Authors: Nathan O. Schmidt
A regular expression and region-specific filtering system for biological records at the National Center for Biotechnology database is integrated into an object-oriented sequence counting application, and a statistical software suite is designed and deployed to interpret the resulting k-mer frequencies---with a priority focus on nullomers. The proteome k-mer frequency spectra of ten model organisms and the genome k-mer frequency spectra of two bacteria and virus strains for the coding and non-coding regions are comparatively scrutinized. We observe that the naturally-evolved (NCBI/organism) and the artificially-biased (randomly-generated) sequences exhibit a clear deviation from the artificially-unbiased (randomly-generated) histogram distributions. Furthermore, a preliminary assessment of prime predictability is conducted on chronologically ordered NCBI genome snapshots over an 18-month period using an artificial neural network; three distinct supervised machine learning algorithms are used to train and test the system on customized NCBI data sets to forecast future prime states---revealing that, to a modest degree, it is feasible to make such predictions.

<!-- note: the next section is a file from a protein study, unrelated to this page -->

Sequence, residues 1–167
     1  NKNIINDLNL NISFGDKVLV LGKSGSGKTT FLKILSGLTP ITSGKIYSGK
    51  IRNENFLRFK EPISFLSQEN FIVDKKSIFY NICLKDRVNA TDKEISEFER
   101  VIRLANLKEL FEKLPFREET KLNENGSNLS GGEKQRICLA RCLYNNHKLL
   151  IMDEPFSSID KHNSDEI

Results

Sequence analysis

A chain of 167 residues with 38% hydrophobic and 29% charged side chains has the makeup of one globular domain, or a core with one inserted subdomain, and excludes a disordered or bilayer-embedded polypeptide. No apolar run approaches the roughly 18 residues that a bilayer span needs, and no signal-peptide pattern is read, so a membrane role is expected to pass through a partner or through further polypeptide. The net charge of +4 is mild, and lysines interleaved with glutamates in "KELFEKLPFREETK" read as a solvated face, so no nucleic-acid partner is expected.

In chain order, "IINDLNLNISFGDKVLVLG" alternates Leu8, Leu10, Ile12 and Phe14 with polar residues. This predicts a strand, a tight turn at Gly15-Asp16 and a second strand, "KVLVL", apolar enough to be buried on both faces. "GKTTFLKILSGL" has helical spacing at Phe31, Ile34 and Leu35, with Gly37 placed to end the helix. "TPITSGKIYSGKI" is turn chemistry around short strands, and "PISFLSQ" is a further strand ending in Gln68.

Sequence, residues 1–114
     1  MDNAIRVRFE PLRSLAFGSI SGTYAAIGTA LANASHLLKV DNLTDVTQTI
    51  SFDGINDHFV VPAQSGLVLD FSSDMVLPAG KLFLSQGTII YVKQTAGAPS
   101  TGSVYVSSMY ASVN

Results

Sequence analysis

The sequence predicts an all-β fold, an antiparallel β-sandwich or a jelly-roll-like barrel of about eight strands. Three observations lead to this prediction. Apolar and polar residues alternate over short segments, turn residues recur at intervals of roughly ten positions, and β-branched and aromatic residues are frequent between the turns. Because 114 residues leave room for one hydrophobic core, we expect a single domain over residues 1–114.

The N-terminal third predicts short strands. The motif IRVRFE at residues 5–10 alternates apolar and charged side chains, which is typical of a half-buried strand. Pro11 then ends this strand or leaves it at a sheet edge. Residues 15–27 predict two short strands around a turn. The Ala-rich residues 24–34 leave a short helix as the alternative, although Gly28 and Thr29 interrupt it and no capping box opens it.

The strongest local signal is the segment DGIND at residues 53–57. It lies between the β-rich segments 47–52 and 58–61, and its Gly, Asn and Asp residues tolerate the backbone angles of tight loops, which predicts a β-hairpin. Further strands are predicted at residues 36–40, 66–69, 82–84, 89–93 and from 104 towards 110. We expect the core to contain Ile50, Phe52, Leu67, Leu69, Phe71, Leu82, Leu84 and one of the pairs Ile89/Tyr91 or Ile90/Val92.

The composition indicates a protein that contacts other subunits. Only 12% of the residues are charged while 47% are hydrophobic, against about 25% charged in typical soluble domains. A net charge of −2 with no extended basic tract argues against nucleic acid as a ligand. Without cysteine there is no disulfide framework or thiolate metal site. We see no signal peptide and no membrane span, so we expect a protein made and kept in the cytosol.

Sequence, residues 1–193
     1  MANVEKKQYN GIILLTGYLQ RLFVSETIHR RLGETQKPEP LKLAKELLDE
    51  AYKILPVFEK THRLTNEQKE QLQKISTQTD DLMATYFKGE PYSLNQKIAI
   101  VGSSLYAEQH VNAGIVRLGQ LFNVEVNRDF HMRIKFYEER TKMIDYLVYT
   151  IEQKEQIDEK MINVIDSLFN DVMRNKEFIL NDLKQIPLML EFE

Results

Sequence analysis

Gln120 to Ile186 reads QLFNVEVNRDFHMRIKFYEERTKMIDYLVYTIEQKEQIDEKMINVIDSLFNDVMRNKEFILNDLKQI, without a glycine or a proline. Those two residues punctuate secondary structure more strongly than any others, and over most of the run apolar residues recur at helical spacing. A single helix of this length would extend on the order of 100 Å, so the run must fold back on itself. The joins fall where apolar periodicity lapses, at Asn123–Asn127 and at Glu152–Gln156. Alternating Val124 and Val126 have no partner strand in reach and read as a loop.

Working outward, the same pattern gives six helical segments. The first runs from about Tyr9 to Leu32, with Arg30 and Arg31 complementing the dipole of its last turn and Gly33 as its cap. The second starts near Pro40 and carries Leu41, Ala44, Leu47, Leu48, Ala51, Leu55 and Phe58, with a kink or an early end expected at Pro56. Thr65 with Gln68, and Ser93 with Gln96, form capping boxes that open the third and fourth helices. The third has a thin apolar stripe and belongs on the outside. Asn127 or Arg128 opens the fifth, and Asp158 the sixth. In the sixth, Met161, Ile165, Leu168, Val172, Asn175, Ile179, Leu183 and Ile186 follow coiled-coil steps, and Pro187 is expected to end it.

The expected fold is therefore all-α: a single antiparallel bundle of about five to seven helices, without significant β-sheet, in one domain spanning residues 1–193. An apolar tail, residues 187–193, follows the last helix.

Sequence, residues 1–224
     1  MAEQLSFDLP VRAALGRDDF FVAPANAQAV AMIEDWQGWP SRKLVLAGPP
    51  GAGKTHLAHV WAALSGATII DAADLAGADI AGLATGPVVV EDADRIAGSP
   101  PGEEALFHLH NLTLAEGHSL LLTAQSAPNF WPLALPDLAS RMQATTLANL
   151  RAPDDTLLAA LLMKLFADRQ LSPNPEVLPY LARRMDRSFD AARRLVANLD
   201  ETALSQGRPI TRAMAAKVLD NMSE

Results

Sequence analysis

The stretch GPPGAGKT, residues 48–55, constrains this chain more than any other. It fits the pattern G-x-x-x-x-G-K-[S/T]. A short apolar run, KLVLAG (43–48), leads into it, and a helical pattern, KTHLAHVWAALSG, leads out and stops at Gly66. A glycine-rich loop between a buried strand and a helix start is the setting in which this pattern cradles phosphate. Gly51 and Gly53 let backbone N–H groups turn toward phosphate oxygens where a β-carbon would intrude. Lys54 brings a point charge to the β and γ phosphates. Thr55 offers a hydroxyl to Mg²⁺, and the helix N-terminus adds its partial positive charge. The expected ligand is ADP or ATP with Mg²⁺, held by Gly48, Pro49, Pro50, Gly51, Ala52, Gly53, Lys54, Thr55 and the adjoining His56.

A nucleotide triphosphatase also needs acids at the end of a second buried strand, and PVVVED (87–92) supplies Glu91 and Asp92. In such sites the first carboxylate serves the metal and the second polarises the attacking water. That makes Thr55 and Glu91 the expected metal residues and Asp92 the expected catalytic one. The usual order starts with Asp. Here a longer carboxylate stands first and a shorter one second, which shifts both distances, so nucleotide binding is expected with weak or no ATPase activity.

Comments: 130 pages and 18 figures
[v1] 2013-02-04 16:39:12
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